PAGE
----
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Shoppers Drug Mart location at Woodbine and O'Connor Avenues in Toronto. (Deborah Baic/Deborah Baic/The Globe and Mail)
Shoppers Drug Mart location at Woodbine and O'Connor Avenues in Toronto. (Deborah Baic/Deborah Baic/The Globe and Mail)

Shoppers strikes cautious note for year ahead Add to ...

In the face of profit-challenging drug reforms and heavy discounting of other products to entice customers into stores, Shoppers Drug Mart Corp. is being cautious about the coming year.

In a departure from last year, the company refrained from providing a profit forecast for 2012. And in predicting moderate sales growth, it warned that it would have to implement “sustained” price markdowns and other promotions to pump up business – moves that can cut profit margins.

“The consumer is still a very nervous consumer,” Brad Lukow, chief financial officer at Shoppers, told an analyst call on Thursday. “We’re anticipating a very similar environment [in]2012.”

Amid the rocky environment, Shoppers is racing to rev up its beauty and food sales while slashing costs to make up for shortfalls at the pharmacy counter. A growing number of provinces are introducing generic-drug reforms, reducing the prescription reimbursements they provide to Shoppers and other pharmacies even as the cheaper generics become more popular. A shaky economy and spooked consumer add to Shoppers’ predicament.

“They’re really going to have to squeeze more profitability out of everything that they do,” said Bob Gibson, retail analyst at Octagon Capital. “They’re cutting costs. I think that’s going to have to continue.”

Drug reforms have been a leading factor in pushing Shoppers’ annual operating profit gains of close to 15 per cent in the past to between 3 and 9 per cent over recent years. As provincial governments continue to look for ways to reduce their health-care spending, the pressure on Shoppers and other drugstore retailers will mount.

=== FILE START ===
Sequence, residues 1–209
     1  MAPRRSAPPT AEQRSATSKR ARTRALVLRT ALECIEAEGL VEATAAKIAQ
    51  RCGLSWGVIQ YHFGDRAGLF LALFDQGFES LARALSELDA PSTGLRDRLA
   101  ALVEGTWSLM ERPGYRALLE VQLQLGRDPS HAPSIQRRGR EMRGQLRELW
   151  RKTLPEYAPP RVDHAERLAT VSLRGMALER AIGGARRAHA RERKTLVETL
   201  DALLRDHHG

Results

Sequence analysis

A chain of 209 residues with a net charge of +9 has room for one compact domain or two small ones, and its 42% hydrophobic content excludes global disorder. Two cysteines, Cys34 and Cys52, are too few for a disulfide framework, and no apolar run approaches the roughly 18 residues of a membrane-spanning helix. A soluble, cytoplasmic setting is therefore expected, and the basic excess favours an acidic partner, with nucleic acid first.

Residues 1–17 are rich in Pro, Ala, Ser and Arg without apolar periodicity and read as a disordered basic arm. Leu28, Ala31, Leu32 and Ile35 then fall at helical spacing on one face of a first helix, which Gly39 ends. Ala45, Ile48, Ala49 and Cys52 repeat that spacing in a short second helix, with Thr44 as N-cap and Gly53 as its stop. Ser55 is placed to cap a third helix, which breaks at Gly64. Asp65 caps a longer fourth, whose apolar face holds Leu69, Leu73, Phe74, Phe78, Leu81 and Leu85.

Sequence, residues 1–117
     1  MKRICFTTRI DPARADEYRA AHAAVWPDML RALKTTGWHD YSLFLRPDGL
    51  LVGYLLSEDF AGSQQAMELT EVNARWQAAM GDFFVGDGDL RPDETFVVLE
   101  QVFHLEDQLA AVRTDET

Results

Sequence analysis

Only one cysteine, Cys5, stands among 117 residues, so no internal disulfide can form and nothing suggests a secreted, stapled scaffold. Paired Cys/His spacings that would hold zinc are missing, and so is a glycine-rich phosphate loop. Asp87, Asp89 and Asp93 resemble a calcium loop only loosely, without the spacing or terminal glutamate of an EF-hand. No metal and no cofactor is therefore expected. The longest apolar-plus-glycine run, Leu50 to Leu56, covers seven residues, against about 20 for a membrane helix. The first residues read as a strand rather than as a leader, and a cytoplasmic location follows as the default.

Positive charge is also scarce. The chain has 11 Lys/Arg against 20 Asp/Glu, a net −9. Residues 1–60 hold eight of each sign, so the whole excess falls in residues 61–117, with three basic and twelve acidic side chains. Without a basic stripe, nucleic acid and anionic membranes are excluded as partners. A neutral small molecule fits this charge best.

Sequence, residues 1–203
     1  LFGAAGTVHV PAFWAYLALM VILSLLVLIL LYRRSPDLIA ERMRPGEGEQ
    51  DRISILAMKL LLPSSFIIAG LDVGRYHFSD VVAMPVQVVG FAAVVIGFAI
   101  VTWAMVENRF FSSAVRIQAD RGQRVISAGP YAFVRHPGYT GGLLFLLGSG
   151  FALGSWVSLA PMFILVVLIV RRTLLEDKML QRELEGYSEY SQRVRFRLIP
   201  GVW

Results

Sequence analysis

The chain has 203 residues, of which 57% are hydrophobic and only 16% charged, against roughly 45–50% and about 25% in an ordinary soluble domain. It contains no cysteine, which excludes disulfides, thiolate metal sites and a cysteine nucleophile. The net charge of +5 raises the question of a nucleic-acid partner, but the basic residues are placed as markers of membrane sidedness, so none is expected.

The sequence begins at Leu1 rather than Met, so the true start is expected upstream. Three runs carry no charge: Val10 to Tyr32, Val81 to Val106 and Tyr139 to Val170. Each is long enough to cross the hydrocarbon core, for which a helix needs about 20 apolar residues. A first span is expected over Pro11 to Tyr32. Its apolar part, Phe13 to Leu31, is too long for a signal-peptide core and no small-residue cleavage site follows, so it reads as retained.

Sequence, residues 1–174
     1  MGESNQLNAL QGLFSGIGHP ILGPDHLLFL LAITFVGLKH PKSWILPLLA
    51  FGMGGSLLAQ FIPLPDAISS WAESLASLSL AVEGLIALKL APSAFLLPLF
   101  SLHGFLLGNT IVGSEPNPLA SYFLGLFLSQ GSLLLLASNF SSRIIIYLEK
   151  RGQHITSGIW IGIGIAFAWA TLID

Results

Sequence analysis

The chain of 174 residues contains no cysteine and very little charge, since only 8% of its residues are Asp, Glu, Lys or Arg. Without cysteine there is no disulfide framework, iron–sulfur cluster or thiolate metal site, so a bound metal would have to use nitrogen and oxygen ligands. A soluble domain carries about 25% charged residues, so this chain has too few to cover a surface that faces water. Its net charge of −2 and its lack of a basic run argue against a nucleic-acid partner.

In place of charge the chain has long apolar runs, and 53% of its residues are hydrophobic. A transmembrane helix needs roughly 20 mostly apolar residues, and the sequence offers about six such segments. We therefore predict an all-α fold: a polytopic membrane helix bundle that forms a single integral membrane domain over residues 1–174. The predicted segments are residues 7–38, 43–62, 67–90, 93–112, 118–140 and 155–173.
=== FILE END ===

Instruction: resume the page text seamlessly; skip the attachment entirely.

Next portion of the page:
To help ease the pain, Shoppers is talking to smaller rivals about buying them, Mr. Lukow said. But industry consolidation has been moving slowly, and competition to buy rivals may heat up, analysts warn..

Late last month, McKesson Corp., the country’s largest drug wholesaler, signed a $920-million agreement to buy the companies that supply marketing and other services to Katz Group’s independent and franchised stores, including IDA Guardian and Medicine Shoppe Canada Inc.

Now Katz Group, whose flagship chains are Rexall and PharmaPlus stores, may be freed to become a fierce competitor to Shoppers in acquiring small chains of drug stores and prescription files, Keith Howlett, an analyst at Desjardins Capital Markets, has said. Late last month, Katz scooped up an 18-store pharmacy chain in Hamilton, Ont.

Shoppers has said it is eyeing customer prescription files of discounter Zellers, whose stores are mostly being taken over by U.S. discounter Target Corp. Last month, Target said it will not acquire the pharmacies within the Zellers outlets it is buying.

On Thursday, Shoppers CEO Domenic Pilla told analysts he does not think the McKesson acquisition would change his company’s prospects of finding attractive pharmacies to acquire. He said he is looking for drugstores with a high number of older customers, because they need more medications.

On the non-pharmacy side, Mr. Pilla is pushing to launch a smaller store format that can generate more productive sales. He is also moving to bolster its lucrative and fast-growing beauty business by testing “super beauty boutiques” that will be one-third larger than the current ones.

Robust beauty and food sales helped Shoppers increase its fourth-quarter profit by 4.2 per cent, to $176-million or 82 cents a share, meeting analysts’ expectations generally. Overall sales rose 4.3 per cent to $2.61-billion, while sales at stores open a year or more, a key measure in retailing, rose 3.4 per cent.

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